Jenkins on Fedora Server 21



Yeah, at the time of writing it’s in alpha yet, but it’s already in a quite good shape. My plan is to migrate our current services from Ubuntu Server to Fedora Server. This is one of the first attempts, so you may even call this a feasibility study. So far, it seems Fedora will do the job well. So without further ado, let’s get into it.


I recommend performing a Minimal Install with the Standard and Headless Management add-ons to minimize the attack surface and all that stuff. If running virtualized, you probably want to select the Guest Agents add-on as well.

If you’re wondering why you need those add-ons, check out the other post, Jenkins Service Unavailable for details.

I used the 64 bit version but it should work just fine with the 32 bit one, too. Once the installation’s finished, proceed to the next section.



There’s an official Fedora package for Jenkins but it installs a lot of unnecessary dependencies, it doesn’t have an LTS version and naturally it lags behind the official Jenkins RPMs, so in this guide we’ll use the official Jenkins repo and install an LTS release. For this, you gotta exclude the official Fedora package for Jenkins. To achieve that, first you gotta find out which repo contains the Jenkins package:

yum info jenkins

Find something like this:

Repo : updates-testing/21/x86_64

So now you gotta go to /etc/yum.repos.d and open the fedora-updates-testing.repo file. Now find the [updates-testing] section and put the following line at the end of it:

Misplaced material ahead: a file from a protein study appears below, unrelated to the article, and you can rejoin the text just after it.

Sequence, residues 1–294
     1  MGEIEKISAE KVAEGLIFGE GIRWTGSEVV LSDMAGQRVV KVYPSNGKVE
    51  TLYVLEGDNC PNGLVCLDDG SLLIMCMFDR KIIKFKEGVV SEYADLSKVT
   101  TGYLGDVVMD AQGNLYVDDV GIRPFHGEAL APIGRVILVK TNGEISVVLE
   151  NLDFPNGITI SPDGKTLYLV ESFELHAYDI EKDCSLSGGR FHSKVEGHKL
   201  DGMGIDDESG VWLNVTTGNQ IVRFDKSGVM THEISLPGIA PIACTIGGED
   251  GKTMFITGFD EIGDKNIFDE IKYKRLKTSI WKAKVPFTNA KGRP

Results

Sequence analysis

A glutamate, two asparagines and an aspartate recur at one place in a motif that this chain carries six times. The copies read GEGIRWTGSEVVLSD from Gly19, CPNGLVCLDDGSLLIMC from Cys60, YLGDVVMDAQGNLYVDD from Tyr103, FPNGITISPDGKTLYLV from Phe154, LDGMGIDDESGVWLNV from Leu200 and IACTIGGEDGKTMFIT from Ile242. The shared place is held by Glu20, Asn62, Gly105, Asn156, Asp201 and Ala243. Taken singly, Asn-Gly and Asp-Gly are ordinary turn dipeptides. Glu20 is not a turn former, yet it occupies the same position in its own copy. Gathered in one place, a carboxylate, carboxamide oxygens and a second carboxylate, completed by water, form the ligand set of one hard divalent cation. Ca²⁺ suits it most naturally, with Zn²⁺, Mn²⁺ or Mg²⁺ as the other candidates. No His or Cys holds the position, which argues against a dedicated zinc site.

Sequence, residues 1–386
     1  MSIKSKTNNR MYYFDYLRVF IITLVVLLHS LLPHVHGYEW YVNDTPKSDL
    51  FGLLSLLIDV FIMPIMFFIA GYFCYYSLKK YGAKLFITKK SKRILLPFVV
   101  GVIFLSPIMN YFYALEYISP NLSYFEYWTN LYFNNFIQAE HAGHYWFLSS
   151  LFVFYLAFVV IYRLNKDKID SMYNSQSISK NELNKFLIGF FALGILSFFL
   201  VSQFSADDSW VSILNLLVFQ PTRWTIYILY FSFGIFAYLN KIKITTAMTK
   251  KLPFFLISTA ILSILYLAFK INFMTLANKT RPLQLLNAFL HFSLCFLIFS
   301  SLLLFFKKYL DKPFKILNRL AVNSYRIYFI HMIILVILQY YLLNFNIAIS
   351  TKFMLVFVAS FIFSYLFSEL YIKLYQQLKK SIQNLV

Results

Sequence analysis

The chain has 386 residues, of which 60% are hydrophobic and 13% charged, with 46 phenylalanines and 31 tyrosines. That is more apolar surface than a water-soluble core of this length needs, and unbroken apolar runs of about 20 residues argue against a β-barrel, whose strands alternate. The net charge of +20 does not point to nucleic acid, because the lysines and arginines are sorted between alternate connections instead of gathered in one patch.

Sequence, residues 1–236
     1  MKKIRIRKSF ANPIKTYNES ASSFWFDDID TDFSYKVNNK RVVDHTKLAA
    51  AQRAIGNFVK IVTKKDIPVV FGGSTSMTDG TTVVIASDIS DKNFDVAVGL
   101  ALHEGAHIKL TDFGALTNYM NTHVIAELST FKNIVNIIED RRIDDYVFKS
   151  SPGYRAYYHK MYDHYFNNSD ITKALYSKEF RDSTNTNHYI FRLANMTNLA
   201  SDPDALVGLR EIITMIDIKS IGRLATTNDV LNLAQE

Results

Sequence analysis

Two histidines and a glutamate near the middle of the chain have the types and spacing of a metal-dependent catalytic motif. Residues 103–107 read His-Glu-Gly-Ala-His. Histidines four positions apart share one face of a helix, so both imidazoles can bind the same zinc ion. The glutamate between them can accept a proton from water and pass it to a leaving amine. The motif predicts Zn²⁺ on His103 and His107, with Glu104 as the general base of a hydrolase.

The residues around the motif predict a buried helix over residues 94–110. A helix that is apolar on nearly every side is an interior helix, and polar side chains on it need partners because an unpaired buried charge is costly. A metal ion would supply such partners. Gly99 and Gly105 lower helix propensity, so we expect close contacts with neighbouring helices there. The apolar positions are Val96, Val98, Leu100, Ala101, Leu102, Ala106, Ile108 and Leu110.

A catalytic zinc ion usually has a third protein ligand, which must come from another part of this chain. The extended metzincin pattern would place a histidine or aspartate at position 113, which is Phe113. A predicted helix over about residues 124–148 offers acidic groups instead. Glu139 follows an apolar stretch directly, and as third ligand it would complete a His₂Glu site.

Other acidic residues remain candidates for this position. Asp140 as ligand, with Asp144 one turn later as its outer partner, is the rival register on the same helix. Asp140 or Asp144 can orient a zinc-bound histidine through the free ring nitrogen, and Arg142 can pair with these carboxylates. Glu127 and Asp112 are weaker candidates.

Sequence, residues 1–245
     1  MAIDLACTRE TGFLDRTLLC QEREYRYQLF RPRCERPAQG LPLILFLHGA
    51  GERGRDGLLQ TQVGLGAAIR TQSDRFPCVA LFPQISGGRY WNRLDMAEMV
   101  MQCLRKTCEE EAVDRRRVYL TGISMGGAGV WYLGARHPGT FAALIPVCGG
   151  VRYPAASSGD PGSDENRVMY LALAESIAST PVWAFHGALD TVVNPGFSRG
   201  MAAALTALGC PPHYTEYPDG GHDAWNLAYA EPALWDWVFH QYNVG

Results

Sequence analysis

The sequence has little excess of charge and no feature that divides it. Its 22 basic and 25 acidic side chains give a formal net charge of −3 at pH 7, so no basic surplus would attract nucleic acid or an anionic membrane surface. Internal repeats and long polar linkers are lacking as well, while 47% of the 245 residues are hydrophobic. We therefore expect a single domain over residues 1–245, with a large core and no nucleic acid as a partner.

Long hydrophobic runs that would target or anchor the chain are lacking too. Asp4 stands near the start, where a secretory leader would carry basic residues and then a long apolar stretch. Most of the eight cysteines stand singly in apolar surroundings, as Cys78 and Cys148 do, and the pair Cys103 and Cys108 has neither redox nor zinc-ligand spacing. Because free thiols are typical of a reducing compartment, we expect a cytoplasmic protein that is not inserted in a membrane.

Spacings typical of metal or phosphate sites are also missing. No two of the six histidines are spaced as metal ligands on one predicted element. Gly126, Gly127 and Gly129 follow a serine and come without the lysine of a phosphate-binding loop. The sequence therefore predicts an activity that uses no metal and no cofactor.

Now check with yum again. It may show Jenkins again, except in a different repo, like this:

Repo : fedora/21/x86_64

So now open the fedora.repo file, and put the same exclude line in the [fedora] section. Repeat this until you get the following output:

Error: No matching Packages to list

Now you’re ready to install Jenkins, but first you also gotta install the Java runtime, because the official Jenkins RPM seems to not have that set up as a dependency, probably because it leaves it up to you to use whatever you want.

Which is fortunate, because Fedora 21 introduced the headless version of the JRE, which means we don’t have to install any GUI-related bloat on the headless server. So install the headless JRE:

yum install java-1.8.0-openjdk-headless


You need to open port 80 (the standard HTTP port) to be able to reach your future Jenkins instance. To do this, go to /etc/firewalld/zones and open the appropriate zone file. By default, this is public.xml. Add the following line:

<service name="http"/>

Now reload the firewall configuration:

firewall-cmd --reload

Then verify that it indeed includes http:

firewall-cmd --list-services

If it does, proceed.



To install Jenkins, you gotta add their repo to your repo list:

sudo wget -O /etc/yum.repos.d/jenkins.repo
sudo rpm --import

At this point, a jenkins.repo file will appear under /etc/yum.repos.d. Now query the available Jenkins packages which will automatically fetch data from the newly added repo:

yum info jenkins

A new Jenkins package should appear in the jenkins repo:

Repo : jenkins

Now install it:

yum install jenkins

After the install, you can start Jenkins:

systemctl start jenkins.service

By default, it listens on port 8080 so you’d be able to reach it there, except Fedora’s firewall won’t let you yet (we’ll get back to that soon). But if you want, you can already test it via the terminal: